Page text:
Answering Obama, Are Hedge Funds Worth More Than Kindergartens?
“The top 25 hedge fund managers made more than all the kindergarten teachers in the country,” declared President Obama in a discussion of poverty at Georgetown University. Calling them “society’s lottery winners,” he proposed to hike their taxes.
Predictably, battle lines have been formed between two polarized sides. One side—let’s call them the Gauche for convenience’s sake—is unhappy with the pay disparity. CBS News, in an almost neutral tone, asks, “Which group provides more value to America?” The reader is supposed to somehow answer that question, presumably in favor of teachers. Gawker goes much farther, calling hedge fund managers the biggest gangsters of all. It asserts, “It is, as the myth goes, capitalism at its most pure…”
The other side—let’s call them the Adroit—defends hedge fund managers. PJ Media said, “That single comment [about winning the lottery] defines the president’s economic worldview. Success doesn’t come to those who act rationally in pursuit of their values. It doesn’t come from hard work performed intelligently.”
Both sides get it partly correct and partly in error. The Gauche correctly observe something monstrously unfair: ever-larger financial profits accruing to an ever-shrinking group. However, their basic assumption is false. We do not have capitalism today. And their policy is the same old cliché: soak the rich.
The Adroit are also correct about something. More taxes will not help anyone, and making money is not a lottery. However, in their desire to oppose the other team, they are missing the elephant in the room—rising assets, and falling yields. They too assume that we have capitalism. The reality is that all capital markets are massively distorted. Getting rich isn’t blind luck, but sometimes it’s not properly earned either.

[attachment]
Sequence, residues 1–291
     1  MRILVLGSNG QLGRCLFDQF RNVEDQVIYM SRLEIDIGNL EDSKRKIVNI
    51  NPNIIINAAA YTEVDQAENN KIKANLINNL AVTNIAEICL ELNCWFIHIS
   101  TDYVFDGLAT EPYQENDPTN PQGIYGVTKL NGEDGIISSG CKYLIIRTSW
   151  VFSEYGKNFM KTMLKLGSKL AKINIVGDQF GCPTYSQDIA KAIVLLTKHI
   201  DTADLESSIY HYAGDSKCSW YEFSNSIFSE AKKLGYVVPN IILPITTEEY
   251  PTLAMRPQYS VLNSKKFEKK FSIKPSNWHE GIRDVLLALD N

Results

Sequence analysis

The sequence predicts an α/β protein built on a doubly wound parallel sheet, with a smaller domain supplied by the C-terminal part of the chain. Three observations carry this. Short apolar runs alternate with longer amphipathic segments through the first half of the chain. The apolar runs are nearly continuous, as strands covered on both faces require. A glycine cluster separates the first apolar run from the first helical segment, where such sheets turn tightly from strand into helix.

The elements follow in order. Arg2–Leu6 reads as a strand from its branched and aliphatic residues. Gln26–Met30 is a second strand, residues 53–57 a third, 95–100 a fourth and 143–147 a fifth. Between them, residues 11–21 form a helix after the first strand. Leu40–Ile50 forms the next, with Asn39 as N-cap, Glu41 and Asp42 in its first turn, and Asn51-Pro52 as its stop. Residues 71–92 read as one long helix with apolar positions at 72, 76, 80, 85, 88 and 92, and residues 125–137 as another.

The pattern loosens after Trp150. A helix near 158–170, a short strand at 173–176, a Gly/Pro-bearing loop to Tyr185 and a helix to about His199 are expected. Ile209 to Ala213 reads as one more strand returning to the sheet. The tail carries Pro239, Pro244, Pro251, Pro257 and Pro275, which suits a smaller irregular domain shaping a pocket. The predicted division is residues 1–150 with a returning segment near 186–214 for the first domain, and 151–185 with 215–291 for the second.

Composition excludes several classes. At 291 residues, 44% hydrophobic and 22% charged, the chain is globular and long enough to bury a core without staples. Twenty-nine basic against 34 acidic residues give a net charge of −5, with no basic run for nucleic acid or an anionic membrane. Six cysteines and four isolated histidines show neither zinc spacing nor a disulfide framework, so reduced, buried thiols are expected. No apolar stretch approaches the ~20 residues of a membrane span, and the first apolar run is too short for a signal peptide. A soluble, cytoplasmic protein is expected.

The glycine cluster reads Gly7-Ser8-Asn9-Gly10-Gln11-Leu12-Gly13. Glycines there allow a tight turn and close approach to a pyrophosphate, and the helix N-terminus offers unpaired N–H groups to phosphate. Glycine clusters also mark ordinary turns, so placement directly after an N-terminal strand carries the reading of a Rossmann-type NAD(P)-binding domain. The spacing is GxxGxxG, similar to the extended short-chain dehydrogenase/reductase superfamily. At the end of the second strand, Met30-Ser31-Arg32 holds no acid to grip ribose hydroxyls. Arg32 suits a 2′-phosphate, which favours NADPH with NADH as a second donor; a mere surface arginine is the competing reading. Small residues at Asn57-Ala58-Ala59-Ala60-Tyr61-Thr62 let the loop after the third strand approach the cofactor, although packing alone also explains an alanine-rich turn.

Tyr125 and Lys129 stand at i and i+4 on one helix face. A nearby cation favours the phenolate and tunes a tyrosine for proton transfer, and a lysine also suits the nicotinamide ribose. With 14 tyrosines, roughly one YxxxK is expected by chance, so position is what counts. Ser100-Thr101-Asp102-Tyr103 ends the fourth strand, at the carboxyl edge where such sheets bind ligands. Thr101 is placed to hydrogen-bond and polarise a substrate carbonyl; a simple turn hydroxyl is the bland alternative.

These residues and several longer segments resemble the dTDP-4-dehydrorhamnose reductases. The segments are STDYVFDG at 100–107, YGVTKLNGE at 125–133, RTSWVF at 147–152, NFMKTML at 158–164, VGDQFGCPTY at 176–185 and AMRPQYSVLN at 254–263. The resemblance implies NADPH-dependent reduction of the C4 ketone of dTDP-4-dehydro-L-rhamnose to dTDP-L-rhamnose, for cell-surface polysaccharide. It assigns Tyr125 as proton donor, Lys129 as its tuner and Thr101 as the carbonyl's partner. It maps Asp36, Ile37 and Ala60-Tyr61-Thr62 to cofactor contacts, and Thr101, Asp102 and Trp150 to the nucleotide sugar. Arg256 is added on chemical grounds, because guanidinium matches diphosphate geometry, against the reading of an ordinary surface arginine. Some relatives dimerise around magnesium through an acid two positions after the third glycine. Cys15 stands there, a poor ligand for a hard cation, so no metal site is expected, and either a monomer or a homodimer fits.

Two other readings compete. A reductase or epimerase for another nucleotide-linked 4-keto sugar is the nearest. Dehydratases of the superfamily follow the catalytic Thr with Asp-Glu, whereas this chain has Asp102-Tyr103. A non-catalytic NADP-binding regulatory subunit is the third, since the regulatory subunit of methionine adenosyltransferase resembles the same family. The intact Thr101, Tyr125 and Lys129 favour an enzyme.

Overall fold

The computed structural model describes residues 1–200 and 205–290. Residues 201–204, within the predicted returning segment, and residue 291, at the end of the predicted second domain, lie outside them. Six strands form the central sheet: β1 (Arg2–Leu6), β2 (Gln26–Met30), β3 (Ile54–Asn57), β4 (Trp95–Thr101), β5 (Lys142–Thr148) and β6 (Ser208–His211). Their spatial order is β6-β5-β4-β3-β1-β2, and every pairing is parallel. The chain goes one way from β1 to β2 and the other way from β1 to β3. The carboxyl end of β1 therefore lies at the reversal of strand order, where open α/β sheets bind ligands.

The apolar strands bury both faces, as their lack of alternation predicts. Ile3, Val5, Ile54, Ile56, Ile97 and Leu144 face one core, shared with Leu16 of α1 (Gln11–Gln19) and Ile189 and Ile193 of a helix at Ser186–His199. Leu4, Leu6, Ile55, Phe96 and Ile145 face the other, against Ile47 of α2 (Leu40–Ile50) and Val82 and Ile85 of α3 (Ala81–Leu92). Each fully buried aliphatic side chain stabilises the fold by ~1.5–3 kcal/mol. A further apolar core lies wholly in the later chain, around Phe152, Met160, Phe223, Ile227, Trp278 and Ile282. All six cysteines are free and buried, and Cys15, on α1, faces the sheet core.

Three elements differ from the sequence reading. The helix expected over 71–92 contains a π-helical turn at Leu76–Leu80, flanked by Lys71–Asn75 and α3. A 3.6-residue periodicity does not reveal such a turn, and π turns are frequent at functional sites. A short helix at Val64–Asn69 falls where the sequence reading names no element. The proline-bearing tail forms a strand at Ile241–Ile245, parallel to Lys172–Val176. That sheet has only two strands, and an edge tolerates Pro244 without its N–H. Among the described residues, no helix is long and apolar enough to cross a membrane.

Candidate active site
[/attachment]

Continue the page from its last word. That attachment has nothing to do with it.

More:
Capitalism means free markets, the opposite of central planning. How could anyone look at our financial system and call it a free market? We have central planning of the most fundamental price in the economy: the rate of interest. Central banking is a key feature, not of capitalism, but of socialism. Indeed in The Communist Manifesto, Karl Marx states, “5. Centralization of credit in the hands of the State, by means of a national bank…”
Every major country in the world has a central bank. All are caught up in the same megatrend—falling interest rates. A lower rate means rising bond prices. For more than three decades, we have had a relentless, ferocious bull market in bonds. Bond speculators have pulled down trillions.
By a variety of mechanisms, the rising price of bonds bleeds into other markets and causes stocks and real estate to rise. For example, when the Fed buys bonds, then the sellers usually buy other assets.
The free-fall in yields harms wage earners. How are you supposed to save for retirement with zero interest, and therefore no compounding? And it strangles pensioners, who can no longer live on the interest on their savings.
It is a fact that we have central planning today. While this harms people who are working or retired, it seems to help those who own assets—and their fund managers. A falling interest rate converts everyone’s wealth into their income, which is an unsustainable process.
Rather than arguing about whether hedge fund managers or teachers should make more, we should condemn this unfair system. We are against central banking and central planning, not those who make money. It’s impossible to tell what a fund manager should be paid, other than in a free market.
Don’t hate the player, hate the game.
Keith Weiner is CEO of Monetary Metals, a precious metals fund company in Scottsdale, Arizona. He is a leading authority in the areas of gold, money, and credit and has made important contributions to the development of trading techniques founded upon the analysis of bid-ask spreads. He is founder of DiamondWare, a software company sold to Nortel in 2008, and founder of the Gold Standard Institute USA. Weiner attended university at Rensselaer Polytechnic Institute, and earned his PhD at the (non-accredited) New Austrian School of Economics.
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